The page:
Hosts/Species AffectedTop of page C. vitalba is a minor weed of vineyards, and damages small trees and hedgerows in its native and introduced ranges in Europe (Britt, 1994; Clay and Dixon, 2000) as well as being a weed of pine (Pinus spp.) plantations (Mitchell, 1975).
Host Plants and Other Plants AffectedTop of page
Growth StagesTop of page Vegetative growing stage
Biology and EcologyTop of page Genetics
Several studies confirm that the species is diploid, with 2n=16 chromosomes (Pastor et al., 1984; Ozyurt et al., 1997). C. vitalba has been artificially hybridized with other species to produce vigorous garden varieties such as C. 'jouiniana' (C. vitalba x C. davidiana or C. vitalba x C. heracleifolia) and C. 'Paul Farges' ('summer snow') (C. vitalba x C. potanini).
Physiology and Phenology
Bare stems produce leaves in mid-spring, and stem growth is rapid until flowering begins in mid-summer. Inflorescences continue to form as the stem elongates over summer. Achenes form from late summer, are retained on the plant, and fall in late winter or early spring. In New Zealand, there is phenological variation between sites that appears to be related more to microclimatic conditions than latitude or elevation (West, 1992). Seeds require winter-chilling to maximise germination. Hydrated seeds do not survive long, and the dense feathery seed loads hanging in plants over winter can be regarded as a dry, aerial seed bank from which seeds can fall at any time of year. Optimal germination of C. vitalba requires after-ripening of the seeds at temperatures lower than 15°C, and preferably alternating temperatures (Lhotska, 1974; West, 1992). Optimum temperatures and germination success of C. vitalba seeds varied with the duration of winter after-ripening, and this synchronised germination to the optimum period in spring. Similarly, Czekalski (1987) found that germination of seeds collected from plants in the autumn was poor (0-21%) compared to germination of seeds collected from the same plants in the following spring.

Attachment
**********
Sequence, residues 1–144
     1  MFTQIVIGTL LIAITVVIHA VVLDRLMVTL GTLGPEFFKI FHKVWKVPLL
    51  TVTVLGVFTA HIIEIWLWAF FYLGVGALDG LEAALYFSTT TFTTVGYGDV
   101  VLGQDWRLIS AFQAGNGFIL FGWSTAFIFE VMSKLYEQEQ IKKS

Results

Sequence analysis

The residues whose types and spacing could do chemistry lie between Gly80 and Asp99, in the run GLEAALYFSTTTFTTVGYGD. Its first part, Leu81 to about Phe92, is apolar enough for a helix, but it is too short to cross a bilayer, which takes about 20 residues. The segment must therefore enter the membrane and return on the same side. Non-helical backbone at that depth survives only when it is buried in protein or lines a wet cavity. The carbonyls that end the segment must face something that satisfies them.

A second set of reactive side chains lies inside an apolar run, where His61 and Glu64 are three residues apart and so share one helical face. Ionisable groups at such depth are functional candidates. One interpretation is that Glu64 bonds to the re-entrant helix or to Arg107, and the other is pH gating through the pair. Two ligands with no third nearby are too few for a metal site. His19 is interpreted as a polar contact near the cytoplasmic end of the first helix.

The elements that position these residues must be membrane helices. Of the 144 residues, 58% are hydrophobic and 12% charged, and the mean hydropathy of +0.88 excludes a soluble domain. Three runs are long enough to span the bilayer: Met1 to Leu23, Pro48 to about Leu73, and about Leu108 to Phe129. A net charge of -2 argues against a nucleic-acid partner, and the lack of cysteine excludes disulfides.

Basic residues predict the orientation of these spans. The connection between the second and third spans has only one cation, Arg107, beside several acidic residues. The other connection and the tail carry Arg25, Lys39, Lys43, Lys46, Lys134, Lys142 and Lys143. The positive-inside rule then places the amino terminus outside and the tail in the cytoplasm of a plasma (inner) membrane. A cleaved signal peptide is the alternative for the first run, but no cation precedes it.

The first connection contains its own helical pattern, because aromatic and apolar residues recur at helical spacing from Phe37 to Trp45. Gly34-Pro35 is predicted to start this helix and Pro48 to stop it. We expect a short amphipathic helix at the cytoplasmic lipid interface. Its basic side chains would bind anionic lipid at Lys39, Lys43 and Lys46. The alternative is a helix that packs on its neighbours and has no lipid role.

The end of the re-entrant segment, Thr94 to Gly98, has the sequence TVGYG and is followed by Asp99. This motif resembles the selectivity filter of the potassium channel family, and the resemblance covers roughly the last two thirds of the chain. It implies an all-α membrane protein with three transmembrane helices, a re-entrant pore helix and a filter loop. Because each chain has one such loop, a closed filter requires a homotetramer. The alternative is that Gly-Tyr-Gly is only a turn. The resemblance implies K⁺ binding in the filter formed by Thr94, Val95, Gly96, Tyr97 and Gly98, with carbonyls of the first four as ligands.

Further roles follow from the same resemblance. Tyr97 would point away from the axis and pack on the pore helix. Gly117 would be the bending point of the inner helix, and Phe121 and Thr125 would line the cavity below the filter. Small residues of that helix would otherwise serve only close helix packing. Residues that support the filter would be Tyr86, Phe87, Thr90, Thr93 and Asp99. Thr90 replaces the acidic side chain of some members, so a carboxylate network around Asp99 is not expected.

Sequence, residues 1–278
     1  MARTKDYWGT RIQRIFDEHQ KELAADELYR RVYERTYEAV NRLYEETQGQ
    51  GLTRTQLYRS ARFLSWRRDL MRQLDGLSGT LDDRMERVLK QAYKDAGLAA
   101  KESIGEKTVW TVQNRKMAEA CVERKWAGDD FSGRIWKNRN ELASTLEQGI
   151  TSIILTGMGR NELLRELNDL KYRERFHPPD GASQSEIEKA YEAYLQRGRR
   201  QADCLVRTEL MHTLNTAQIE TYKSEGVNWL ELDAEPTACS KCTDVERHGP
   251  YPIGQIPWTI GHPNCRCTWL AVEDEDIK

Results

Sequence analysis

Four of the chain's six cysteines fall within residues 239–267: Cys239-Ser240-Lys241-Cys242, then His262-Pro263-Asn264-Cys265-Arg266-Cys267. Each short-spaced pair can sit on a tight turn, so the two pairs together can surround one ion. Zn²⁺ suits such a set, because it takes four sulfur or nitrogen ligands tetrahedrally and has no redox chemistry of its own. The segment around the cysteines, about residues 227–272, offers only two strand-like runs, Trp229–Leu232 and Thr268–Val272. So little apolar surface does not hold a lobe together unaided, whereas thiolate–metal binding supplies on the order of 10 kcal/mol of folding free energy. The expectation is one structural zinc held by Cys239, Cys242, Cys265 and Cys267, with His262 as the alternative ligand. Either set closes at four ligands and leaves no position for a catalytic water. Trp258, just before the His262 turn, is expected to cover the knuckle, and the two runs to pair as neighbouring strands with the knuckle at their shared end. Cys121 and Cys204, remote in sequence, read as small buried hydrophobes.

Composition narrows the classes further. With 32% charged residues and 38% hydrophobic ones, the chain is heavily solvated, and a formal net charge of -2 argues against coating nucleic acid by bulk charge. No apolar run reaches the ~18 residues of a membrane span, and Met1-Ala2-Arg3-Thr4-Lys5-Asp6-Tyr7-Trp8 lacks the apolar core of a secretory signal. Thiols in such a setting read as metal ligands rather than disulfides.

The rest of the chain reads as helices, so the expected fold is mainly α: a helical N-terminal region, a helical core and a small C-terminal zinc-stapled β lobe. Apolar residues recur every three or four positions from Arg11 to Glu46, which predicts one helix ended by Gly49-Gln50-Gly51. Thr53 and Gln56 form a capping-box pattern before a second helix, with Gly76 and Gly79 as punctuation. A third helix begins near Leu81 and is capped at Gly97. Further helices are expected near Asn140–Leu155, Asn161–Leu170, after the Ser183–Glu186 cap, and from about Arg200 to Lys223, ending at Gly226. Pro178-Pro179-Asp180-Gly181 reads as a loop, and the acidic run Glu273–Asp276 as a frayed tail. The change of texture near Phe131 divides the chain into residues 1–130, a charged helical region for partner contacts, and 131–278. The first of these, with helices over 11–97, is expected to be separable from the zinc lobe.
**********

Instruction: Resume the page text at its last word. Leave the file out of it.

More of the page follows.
Seedlings form basal rosettes of single or trifoliate leaves, and after several months produce one or more elongating shoots bearing quinquefoliate leaves. Mature leaders grow 2.0-2.5 m per annum on average (West, 1992). C. vitalba can attain densities of over 7000 stems/ha and a fresh weight increment of 6.3 kg/m²/year. Stems at one New Zealand site grew an average 2.3 m in 1 year, producing 20 new nodes, with secondary stems developing from some of these nodes (West, 1992). Stem diameter and stem rings may not be good indicators of age (West, 1991).